How Logins Are Used

Summary of How Logins Are Used
Login Properties1
To enable the metadata server to match an incoming user ID with a particular SAS identity (inbound use).
User ID
To enable clients to seamlessly obtain user credentials for disparate systems (outbound use).
User ID, password, authentication domain
To designate one account as the preferred account for user access to a particular library and to make that account ID and password available to users. If you assign a login to a library, all users who can see that login use that login to access that library. This is a specialized form of outbound use that is sometimes used for a DBMS library.
User ID, password, authentication domain
To designate one host account as the account under which a particular server runs and to make that account's ID and password available to the spawner (service use).
User ID, password
1Indicates which properties are involved. Every login should be assigned to an authentication domain.
The following figure depicts examples of login use.
Example: Use of Logins
Example: Use of Logins
Here are some general points about the figure:
  • The workspace server (using host authentication) isn't depicted because access to that server is not usually through stored credentials.
    Note: If you choose to store passwords for the workspace server, the relationships would be comparable to the depiction of the Oracle DBMS, OracleAuth authentication domain, and Oracle logins. For example, you might put the workspace server in WorkspaceAuth and create individual and group logins in that authentication domain.
  • The OLAP server isn't depicted because it isn't accessed using logins.
  • The gray shading for the depicted workspace server indicates that this is a specialized configuration. By default the workspace server uses some form of host authentication, not SAS token authentication.
The numbers in the figure correspond to these uses:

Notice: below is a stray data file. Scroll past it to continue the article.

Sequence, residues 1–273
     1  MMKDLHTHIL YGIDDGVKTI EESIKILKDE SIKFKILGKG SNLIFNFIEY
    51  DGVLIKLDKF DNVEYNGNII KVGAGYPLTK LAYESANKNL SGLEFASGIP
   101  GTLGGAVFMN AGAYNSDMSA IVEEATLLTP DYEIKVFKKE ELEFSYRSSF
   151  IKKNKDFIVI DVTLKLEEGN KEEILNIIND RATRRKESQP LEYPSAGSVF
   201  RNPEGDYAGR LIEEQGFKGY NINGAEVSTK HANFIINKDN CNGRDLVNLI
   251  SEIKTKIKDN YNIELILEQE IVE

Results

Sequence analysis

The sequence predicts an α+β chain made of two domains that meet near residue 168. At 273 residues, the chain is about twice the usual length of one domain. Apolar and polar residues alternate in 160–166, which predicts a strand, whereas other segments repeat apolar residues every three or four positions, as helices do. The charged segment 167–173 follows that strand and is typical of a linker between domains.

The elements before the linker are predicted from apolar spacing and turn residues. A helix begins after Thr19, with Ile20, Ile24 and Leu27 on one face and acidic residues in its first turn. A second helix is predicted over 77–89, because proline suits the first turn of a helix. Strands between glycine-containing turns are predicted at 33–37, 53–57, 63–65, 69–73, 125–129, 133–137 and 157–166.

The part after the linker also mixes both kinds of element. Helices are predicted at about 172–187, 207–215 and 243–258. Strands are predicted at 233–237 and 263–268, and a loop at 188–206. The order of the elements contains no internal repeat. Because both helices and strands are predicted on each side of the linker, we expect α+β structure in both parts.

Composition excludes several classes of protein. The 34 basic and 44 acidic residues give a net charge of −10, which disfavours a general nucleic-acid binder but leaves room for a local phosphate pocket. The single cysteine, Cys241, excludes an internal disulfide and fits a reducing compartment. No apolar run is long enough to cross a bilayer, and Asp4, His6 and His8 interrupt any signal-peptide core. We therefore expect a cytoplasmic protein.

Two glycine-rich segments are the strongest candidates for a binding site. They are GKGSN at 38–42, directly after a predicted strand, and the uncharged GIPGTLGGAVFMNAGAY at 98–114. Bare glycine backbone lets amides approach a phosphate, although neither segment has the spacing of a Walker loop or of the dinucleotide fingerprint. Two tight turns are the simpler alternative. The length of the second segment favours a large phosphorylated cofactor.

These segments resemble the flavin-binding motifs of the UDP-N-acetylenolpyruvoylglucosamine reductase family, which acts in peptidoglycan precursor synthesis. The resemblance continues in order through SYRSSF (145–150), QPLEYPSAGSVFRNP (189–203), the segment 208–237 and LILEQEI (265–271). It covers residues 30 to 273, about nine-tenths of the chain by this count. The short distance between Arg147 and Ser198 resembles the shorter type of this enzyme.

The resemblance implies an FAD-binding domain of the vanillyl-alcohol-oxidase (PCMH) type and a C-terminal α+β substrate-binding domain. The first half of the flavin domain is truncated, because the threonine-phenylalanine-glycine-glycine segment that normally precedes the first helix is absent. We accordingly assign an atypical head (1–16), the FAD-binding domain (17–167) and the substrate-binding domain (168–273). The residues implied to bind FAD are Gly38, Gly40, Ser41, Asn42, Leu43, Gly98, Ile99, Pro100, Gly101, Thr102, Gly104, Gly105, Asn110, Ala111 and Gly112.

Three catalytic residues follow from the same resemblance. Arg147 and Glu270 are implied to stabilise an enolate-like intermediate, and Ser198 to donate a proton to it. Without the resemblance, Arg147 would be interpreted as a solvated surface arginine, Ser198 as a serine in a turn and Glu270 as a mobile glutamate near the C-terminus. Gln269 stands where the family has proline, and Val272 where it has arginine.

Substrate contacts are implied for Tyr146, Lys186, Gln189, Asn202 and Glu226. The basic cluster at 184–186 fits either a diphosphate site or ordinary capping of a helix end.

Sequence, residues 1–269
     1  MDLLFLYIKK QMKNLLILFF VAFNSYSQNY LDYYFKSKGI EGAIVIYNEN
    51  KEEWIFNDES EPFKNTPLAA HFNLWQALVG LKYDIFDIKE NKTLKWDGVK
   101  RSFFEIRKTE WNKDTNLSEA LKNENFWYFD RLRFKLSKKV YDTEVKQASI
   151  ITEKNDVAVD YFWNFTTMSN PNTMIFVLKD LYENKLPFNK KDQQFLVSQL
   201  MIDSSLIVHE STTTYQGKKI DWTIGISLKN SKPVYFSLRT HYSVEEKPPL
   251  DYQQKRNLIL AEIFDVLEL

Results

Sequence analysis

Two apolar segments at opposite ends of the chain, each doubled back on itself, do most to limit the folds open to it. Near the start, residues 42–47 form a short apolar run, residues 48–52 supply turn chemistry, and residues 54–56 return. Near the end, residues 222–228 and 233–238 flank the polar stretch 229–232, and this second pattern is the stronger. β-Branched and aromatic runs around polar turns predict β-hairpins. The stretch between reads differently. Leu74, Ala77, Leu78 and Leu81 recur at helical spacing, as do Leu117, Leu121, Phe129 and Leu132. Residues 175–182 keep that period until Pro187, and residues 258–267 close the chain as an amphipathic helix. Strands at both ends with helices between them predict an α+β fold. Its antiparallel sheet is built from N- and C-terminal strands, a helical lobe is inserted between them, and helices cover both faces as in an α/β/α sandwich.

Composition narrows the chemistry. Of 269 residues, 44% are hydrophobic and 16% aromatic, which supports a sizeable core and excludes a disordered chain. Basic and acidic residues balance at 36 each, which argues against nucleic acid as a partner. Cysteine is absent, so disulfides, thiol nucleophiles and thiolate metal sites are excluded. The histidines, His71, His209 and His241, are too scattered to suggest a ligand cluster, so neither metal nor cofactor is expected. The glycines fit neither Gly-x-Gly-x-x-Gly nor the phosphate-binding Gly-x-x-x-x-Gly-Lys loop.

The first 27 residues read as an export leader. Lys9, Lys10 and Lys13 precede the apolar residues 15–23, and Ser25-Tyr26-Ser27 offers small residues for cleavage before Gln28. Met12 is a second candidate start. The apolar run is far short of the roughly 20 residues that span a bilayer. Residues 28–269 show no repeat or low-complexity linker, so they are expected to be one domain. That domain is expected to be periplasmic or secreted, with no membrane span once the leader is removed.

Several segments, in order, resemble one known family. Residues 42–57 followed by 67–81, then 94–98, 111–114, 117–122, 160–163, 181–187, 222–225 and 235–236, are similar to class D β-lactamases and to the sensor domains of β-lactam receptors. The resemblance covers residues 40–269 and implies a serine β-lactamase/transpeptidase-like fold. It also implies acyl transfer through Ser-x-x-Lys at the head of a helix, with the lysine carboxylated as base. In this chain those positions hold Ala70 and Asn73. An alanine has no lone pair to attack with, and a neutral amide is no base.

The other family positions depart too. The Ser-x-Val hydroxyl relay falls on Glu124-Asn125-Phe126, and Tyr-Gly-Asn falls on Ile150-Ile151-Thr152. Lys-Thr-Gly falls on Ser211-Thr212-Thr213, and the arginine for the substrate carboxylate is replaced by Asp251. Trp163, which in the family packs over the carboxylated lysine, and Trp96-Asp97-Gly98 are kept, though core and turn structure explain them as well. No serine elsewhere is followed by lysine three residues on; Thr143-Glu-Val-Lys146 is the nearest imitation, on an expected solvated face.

1. Joe's first login is only for inbound use to determine his metadata identity. His password is available (cached in the user context, not stored in the metadata) but isn't used to determine his identity. This login should be in DefaultAuth, but that relationship isn't depicted because it isn't used in determining his metadata identity.
  2. Joe's second login provides seamless access to Oracle using an individual account. This login includes a password and must be in the Oracle server's authentication domain. The ETL group's login is a shared login for the Oracle server. Joe won't use this login because his personal Oracle login has a higher priority.
  3. The SASUSERS login is a designated default login for the Special Library. This login is visible to Joe (through his automatic membership in SASUSERS), so it is used when Joe accesses the Special Library. Assigning a login to a library overrides the usual login priority evaluation (which is based on identity precedence).
    Note: In this example, the ServiceOra login must be in the OracleAuth authentication domain. The list of available default logins for a library consists of only those logins that are in the associated server's authentication domain. The shading for the Special Library indicates that this isn't a mainstream use. Most libraries don't have a designated login.
    Note: In an alternate usage, the default library login is part of the user definition for a service identity that provides mediated access to the library.
  4. The designated launch credential for each of the depicted processing servers is stored on the SAS General Servers group definition. In this example, the servers all use the same credential. Logins that contain designated launch credentials are usually in the DefaultAuth authentication domain, because these processing servers are usually in DefaultAuth. However, those logins are directly paired with each server, not looked up by authentication domain. Because the authentication domain assignment for these logins isn't used, the figure doesn't depict that assignment.